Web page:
The past few months have been a bit of a bummer in the work place. Our shop’s suffered two losses recently: a former co-worker, who retired two years ago, died of cancer before Christmas, and a loyal customer who’d become a quirky fixture of the shop also passed away four days ago of a heart attack. Herbert, my co-worker, was the sweetest, gentlest person I’ve ever known, and he inspired me to create Ernie George the Fourth, Henning’s sage guardian and mentor (current WIP). Earl was a real hoot, who’d sometimes bring a box of sandwiches for the staff or even leave a twenty-dollar tip for us to use for coffee or other treats. Herbert and Earl will be sorely, sorely missed. I bonded with Herbert for those seven or eight years I worked with him, and I still get all misty-eyed when I think back to the old days.
So I’ve been in a weird head space for a while, with other daily stressors really not helping me a bit.
I decided to dip my foot again in the gay historical romance market and recently purchased and read five books, which I enjoyed, though my heart will always be with alternate universe fiction (historical or contemporary – magic realism will always make me a very happy reader). Those books have helped me get out of this weird head space – or at least have drawn me away a number of steps, and I’m looking forward to shifting my attention back to my favorite genre. I’ve already bought a few titles, which I look forward to diving into.
Incidentally, as a bit of a break from my usual reading, I’m currently plowing through The Good Lord Bird by James McBride, which is historical fiction that I highly, highly, HIGHLY recommend. The book won the National Book Award last year, and while I normally ignore large, mainstream lit awards because they never touch on stuff I like, last year’s award snagged my attention like whoa because not only is the book a historical novel, it’s also a comedy. And I never expected to be laughing my butt off reading a book about slavery. It’s been compared to Mark Twain’s work, but it’s more light-hearted than Twain’s satire, which is a lot more caustic and angry.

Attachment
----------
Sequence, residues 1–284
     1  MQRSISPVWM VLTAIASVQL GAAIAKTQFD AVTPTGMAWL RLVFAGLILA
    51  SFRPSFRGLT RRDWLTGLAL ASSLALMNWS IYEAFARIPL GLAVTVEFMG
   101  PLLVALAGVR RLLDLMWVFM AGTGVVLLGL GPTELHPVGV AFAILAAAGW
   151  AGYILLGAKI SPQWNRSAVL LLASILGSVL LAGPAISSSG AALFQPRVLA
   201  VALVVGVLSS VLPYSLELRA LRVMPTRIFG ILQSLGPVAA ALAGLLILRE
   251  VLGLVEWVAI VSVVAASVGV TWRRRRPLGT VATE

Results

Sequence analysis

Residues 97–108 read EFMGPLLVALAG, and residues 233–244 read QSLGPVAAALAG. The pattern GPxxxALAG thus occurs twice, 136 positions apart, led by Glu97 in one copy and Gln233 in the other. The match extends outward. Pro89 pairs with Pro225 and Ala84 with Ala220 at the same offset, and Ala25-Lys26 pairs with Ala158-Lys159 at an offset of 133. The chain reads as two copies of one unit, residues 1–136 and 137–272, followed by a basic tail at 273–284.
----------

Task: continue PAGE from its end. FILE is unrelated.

Since I’m still reading it, I really can’t post a full review, but you can easily Google critics’ reviews of McBride’s book and get an idea what it’s all about.
Also, my friend, Lindsay, who turned me on to the Johannes Cabal series by Jonathan Howard, just gave me a heads up on the next book in the series, which makes me very, very happy. Called The Brothers Cabal, it won’t be out till September, and here’s the blurb via Amazon:
Horst Cabal has risen from the dead. Again. Horst, the most affable vampire one is ever likely to meet, is resurrected by an occult conspiracy that wants him as a general in a monstrous army. Their plan: to create a country of horrors, a supernatural homeland. As Horst sees the lengths to which they are prepared to go and the evil they cultivate, he realizes that he cannot fight them alone. What he really needs on his side is a sarcastic, amoral, heavily armed necromancer.
As luck would have it, this exactly describes his brother.
Horst is back, people. Horst. I love the world. It’s a beautiful place. Hell, I might even be willing to pay an arm and a leg for the hardcover. Now it’s all a matter of seeing whether or not Howard’s fourth book echoes the first in tone and wit.